The Quest | The Free Press of Reed College

Prospies Flown to Reed

For a select number of recently accepted students, an additional treat came with their confetti and Welcome To Reed video: an invitation to stay on Reed campus for two days, eating Commons food, observing classes, and venturing out into Portland—all expenses paid by the college.

As Assistant Dean of Admissions and alumna Swati Shrestha put it, the students invited to the Fly-In are “really exceptional and great students, who are often coming from backgrounds where they cannot afford to come here.” Furthermore, Dahlia Grossman-Heinze, another Assistant Dean of Admissions and alumna, commented, “College visits can be really beneficial, especially at a school like Reed that is unique and different from many other schools… We’re hoping we can show them something special that they can connect to.”

In addition to last week’s event, another Fly-In will take place in mid-April, inviting another group of potential Reedies to campus. As another important reason for the Fly-Ins, Shrestha noted that it is an opportunity to give students from different underrepresented backgrounds an opportunity to visit Reed. Shrestha noted candidly that “diversity at Reed is an issue that needs to be addressed” and that the Fly-Ins are an opportunity to work towards changing that.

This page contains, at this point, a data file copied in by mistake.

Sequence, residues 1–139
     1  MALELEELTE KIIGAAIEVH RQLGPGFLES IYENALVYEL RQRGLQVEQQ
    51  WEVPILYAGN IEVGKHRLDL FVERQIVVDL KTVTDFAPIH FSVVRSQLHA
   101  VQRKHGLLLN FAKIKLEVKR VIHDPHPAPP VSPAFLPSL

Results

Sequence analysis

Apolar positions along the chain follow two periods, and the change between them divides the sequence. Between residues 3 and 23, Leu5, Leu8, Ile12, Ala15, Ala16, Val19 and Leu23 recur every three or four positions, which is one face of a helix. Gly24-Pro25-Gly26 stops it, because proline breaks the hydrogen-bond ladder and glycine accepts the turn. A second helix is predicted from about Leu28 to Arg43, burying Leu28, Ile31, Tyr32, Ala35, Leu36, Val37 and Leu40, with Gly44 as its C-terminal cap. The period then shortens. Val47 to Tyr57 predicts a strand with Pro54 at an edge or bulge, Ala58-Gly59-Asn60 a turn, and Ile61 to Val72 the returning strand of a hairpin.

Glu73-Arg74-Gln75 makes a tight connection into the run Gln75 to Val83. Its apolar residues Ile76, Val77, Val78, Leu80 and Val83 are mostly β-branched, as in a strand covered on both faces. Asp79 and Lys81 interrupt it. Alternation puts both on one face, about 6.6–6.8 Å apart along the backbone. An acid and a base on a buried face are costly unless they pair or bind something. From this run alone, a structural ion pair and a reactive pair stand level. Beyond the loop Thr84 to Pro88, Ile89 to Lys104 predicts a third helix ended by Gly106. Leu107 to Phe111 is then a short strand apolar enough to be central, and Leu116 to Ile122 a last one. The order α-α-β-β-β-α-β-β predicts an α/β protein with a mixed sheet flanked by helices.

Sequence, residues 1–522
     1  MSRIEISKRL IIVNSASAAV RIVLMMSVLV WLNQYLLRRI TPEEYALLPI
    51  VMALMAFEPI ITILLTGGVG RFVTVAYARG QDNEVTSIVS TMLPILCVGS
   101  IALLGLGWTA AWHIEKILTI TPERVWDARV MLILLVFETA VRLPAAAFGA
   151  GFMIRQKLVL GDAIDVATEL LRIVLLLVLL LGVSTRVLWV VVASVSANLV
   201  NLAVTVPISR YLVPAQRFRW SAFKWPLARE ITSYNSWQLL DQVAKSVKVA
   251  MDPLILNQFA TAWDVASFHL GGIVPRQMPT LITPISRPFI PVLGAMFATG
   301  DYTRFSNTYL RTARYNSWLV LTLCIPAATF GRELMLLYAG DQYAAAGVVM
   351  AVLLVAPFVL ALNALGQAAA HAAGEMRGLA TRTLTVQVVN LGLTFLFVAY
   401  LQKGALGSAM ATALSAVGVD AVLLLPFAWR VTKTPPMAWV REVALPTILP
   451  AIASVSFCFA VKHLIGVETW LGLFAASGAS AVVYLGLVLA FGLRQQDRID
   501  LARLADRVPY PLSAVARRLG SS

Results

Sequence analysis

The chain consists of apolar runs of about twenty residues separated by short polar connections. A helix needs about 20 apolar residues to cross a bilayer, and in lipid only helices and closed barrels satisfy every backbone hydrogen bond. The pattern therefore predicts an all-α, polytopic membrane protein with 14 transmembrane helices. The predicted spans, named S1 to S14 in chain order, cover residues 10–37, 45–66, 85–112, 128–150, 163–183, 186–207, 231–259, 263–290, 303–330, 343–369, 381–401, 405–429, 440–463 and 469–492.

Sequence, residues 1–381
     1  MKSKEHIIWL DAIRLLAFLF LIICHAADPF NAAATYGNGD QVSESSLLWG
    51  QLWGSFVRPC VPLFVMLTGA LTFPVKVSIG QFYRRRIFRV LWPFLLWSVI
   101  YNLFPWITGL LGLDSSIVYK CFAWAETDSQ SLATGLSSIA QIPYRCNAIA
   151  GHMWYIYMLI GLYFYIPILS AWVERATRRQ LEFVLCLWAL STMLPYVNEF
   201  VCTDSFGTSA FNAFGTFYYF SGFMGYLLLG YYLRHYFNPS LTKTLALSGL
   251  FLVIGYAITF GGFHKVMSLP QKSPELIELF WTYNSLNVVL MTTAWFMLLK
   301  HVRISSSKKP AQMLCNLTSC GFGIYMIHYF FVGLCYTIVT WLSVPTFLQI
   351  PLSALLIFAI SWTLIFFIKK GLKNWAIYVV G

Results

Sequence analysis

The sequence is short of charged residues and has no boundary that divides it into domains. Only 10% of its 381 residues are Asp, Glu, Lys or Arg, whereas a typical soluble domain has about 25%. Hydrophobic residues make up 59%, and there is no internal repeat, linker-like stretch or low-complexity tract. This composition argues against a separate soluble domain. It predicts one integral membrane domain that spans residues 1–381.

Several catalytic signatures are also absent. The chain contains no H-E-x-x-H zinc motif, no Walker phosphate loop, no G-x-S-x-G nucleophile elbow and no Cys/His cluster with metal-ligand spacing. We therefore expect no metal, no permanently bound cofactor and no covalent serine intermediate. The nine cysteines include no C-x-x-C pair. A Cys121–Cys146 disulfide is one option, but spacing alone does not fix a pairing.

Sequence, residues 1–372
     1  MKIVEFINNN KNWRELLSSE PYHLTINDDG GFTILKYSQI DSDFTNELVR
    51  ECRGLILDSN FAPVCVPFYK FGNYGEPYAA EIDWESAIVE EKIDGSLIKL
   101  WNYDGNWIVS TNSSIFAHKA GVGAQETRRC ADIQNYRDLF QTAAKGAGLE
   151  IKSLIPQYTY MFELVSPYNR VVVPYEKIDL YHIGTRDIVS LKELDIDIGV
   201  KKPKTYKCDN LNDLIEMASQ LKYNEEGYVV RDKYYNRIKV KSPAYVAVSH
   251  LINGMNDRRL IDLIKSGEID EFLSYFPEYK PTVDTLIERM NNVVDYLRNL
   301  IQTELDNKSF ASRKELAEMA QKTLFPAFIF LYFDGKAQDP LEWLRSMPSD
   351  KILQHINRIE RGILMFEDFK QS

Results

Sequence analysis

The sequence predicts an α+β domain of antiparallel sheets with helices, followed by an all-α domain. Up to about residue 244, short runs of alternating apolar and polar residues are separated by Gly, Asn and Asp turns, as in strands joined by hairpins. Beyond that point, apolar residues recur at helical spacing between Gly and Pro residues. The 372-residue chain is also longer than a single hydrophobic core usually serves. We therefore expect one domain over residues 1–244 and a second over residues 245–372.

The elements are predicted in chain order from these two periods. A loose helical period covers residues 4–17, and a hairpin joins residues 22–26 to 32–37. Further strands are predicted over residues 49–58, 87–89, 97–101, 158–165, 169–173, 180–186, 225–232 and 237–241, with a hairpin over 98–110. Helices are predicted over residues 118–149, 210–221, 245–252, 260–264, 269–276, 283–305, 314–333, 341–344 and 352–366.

Fly-Ins are not a new policy to Reed or colleges in general. Many other elite and costly schools around the country that draw many students from outside of their area employ similar practices as well.

This acceptance season has brought the usual heavy loads of students and families visiting campus to come to a final college decision, but it has also brought a bit of confusion. Rumors have been flying around campus (and on online college forums) that 10,000 students applied to Reed for this upcoming year. This number would be around a 300% increase in applicants from years past, and as Grossman-Heinze noted, would have required a doubling or more of Admission staff. This rumor, thus, is false, and as Dean of Admission Keith Todd notes on the Admissions website, 3,131 students applied this year, an increase of two percent.

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